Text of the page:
In This Article Expand or collapse the "in this article" section Troubadours and Trouvères

  • Introduction
  • General Studies
  • Musical, Literary, Social, and Political Studies
  • Regional Studies
  • Music and Grammar Treatises
  • Music and Text
  • Contrafacta
  • Music Notation
  • Oral and Written Transmission
  • Performance
  • Instrumental Accompaniment

Music Troubadours and Trouvères
Ardis Butterfield, Elizabeth Hebbard
  • LAST REVIEWED: 21 April 2021
  • LAST MODIFIED: 21 April 2021
  • DOI: 10.1093/obo/9780199757824-0288


In the 12th and 13th centuries, the troubadours in Occitania and the trouvères in northern France composed songs with texts in the vernacular and monophonic melodies. For the troubadours, the vernacular was Old Occitan; for their northern counterparts, Old French. This difference in idiom is sometimes held to mark a distinction between two separate but analogous traditions of medieval song. The medieval practices of compiling multilingual lyric anthologies and of borrowing melodies seem instead to affirm the contiguity of song culture across different languages. The term “lyric” during this period typically designates a text set to melody, but not all manuscripts of troubadour and trouvère lyric preserve song melodies. Music survives for nearly half of the trouvère repertory (about three thousand songs) but only about 10 percent of the twenty-six hundred extant troubadour songs. The compositional period for troubadours and trouvères is conventionally defined rather rigidly as 1100–1300, and the songs themselves as strophic and monophonic. However, the troubadours and trouvères also composed in non-strophic genres (lais and descorts), and the trouvères composed in non-musical lyric genres (congés, dits) as well as in polyphonic forms. Adam de la Halle and Jehan de Lescurel, for example, produced small but significant collections of single-text polyphonic pieces. Of course, the composition of French and Occitan song also continued beyond 1300, albeit in different social and cultural contexts, by which point the long history of its study and reception had already begun. Some of the most important reference works, such as the Pillet-Carstens Bibliographie, date from the early 20th century and come from France and Germany, while Anglophone publications on troubadour and trouvère music only began to emerge in the second half of the 20th century. Modern scholars continually renew this material by bringing it into conversation with critical theory (Giving Voice to Love: Song and Self-Expression from the Troubadours to Guillaume de Machaut, cited under General Studies), feminist theory (Songs of the Women Trouvères, cited under Anthologies), and social history (The Owl and the Nightingale: Musical Life and Ideas in France 1100–1300, cited under Musical, Literary, Social, and Political Studies; The World of the Troubadours: Medieval Occitan Society, c. 1100-c.1300 and Parler d’amour au puy d’Arras: Lyrique en jeu, both cited under Regional Studies). The vibrancy in troubadour and trouvère scholarship also comes from interdisciplinary collaboration and exchange among musicologists, historians, paleographers, and literary scholars. Despite their shared primary sources, the fields of musicology and of literary studies have approached troubadour and trouvère material differently, and with different emphases. In part, these differences can be ascribed to the difficulty of defining a corpus of study, which does not always overlap for the two fields. The organization of this article echoes some of these tensions between older but fundamental reference works and newer directions of inquiry, and the sometimes separate, sometimes unified, treatment of troubadour and trouvère song.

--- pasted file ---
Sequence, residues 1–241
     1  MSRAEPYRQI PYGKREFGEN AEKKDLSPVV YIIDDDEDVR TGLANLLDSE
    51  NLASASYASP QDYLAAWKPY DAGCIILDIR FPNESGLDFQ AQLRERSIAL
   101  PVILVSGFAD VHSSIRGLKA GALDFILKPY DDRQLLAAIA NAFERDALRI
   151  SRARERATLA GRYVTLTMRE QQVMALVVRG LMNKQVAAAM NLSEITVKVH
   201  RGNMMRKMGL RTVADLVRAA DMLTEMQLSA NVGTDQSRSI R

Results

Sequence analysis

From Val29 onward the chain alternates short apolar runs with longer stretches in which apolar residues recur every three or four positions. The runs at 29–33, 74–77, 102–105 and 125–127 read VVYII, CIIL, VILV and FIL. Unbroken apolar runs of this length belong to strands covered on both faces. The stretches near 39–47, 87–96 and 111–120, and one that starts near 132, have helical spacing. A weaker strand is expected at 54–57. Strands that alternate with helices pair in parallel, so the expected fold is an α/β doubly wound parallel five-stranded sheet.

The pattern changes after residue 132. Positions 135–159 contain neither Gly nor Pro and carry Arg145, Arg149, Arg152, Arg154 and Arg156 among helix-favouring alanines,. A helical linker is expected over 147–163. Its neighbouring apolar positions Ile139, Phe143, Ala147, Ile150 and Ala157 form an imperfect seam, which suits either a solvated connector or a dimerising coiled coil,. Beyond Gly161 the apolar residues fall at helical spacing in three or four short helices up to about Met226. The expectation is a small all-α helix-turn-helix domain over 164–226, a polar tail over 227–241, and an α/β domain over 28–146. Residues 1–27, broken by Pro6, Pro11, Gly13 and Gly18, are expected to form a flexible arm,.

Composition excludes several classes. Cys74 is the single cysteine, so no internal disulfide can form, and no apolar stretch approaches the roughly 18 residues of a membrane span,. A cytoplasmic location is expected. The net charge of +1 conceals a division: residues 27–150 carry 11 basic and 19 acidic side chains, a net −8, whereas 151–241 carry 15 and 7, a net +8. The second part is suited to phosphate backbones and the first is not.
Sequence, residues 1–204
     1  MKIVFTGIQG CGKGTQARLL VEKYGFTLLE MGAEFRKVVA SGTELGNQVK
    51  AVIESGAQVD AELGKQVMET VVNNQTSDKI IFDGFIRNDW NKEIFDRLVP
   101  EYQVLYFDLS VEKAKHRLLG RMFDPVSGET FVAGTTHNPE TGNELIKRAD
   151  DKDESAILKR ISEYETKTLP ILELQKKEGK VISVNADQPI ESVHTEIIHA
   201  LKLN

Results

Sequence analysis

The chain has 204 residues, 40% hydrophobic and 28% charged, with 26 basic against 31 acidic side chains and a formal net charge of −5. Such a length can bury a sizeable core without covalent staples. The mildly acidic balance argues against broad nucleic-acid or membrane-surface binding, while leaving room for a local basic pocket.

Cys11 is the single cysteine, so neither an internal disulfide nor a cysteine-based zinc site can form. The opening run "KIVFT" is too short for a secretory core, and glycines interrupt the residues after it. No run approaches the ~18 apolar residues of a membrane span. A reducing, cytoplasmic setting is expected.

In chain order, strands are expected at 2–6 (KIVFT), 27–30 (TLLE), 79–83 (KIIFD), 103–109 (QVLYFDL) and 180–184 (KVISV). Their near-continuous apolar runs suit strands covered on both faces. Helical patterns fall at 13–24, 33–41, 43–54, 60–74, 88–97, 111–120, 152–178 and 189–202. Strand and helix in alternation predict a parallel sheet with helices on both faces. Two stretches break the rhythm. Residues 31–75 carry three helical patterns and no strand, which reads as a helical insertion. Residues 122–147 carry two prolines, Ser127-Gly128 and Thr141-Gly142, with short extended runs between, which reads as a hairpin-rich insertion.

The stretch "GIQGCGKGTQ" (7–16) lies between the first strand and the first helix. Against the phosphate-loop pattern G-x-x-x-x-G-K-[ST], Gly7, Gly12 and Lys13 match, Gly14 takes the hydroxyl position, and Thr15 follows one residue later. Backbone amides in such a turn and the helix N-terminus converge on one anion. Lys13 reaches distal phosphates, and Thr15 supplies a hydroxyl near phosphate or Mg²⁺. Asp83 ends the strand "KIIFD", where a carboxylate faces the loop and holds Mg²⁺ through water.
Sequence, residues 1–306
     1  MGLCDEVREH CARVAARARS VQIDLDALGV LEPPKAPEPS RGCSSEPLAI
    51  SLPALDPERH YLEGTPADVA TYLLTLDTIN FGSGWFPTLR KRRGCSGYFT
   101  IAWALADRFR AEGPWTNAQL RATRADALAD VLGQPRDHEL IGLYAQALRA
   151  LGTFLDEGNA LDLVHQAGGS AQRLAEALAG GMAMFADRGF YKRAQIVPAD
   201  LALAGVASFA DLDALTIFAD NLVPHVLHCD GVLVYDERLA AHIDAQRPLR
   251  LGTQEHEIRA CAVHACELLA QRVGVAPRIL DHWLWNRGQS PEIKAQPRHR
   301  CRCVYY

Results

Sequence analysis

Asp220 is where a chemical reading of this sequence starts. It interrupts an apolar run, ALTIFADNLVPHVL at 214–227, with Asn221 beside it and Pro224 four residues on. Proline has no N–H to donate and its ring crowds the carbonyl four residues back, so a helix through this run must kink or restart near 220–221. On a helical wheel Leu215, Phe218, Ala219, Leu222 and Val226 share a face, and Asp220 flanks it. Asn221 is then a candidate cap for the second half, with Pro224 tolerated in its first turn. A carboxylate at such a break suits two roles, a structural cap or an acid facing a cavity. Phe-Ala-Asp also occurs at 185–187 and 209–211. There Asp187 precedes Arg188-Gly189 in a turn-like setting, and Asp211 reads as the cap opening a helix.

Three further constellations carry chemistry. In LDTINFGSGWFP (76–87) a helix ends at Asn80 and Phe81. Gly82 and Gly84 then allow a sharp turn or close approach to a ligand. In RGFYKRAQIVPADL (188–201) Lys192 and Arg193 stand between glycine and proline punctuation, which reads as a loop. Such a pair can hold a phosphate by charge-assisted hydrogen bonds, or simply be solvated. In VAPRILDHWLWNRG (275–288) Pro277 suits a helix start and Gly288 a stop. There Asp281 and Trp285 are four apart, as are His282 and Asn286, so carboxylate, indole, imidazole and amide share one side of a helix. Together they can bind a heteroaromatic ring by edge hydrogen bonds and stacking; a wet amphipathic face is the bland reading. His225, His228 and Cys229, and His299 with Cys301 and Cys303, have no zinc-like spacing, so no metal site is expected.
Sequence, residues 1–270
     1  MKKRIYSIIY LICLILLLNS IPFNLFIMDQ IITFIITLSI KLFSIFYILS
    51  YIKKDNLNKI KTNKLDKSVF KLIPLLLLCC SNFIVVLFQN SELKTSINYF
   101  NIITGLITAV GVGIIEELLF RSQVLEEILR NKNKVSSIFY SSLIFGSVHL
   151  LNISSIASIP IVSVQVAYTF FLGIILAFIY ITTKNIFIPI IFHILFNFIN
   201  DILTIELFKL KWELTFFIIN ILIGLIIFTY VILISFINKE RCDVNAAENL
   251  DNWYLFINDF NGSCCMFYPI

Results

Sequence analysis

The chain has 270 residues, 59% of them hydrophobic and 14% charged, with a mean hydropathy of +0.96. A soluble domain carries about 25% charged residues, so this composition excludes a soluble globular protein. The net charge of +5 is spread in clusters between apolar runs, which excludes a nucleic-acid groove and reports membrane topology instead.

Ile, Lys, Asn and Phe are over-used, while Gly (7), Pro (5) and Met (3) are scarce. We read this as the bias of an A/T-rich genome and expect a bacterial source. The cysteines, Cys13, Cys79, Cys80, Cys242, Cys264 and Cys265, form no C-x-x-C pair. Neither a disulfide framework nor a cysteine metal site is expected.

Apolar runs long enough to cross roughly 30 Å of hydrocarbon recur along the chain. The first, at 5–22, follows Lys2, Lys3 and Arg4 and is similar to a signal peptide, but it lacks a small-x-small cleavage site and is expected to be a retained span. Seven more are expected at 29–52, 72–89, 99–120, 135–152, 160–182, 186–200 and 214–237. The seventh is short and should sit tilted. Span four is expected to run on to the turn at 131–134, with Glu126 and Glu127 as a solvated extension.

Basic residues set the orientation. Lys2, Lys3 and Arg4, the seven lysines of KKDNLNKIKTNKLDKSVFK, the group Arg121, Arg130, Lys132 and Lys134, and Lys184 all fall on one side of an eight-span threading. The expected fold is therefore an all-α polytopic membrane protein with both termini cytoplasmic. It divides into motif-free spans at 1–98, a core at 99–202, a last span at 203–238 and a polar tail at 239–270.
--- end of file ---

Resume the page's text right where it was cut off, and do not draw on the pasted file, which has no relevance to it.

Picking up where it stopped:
Reference tools

The corpus of troubadour and trouvère song is vast. Different kinds of reference tools offer many points of access into these songs. Below are described a number of indispensable sources for the study of the lyric in all its aspects: form, melody, and language.

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